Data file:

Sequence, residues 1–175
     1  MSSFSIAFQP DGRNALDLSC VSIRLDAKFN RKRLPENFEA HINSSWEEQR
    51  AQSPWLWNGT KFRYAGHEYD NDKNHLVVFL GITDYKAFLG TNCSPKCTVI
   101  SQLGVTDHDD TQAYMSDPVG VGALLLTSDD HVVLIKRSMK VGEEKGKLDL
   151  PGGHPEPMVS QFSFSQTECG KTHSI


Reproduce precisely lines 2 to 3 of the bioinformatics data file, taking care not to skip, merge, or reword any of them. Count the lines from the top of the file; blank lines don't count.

     1  MSSFSIAFQP DGRNALDLSC VSIRLDAKFN RKRLPENFEA HINSSWEEQR
    51  AQSPWLWNGT KFRYAGHEYD NDKNHLVVFL GITDYKAFLG TNCSPKCTVI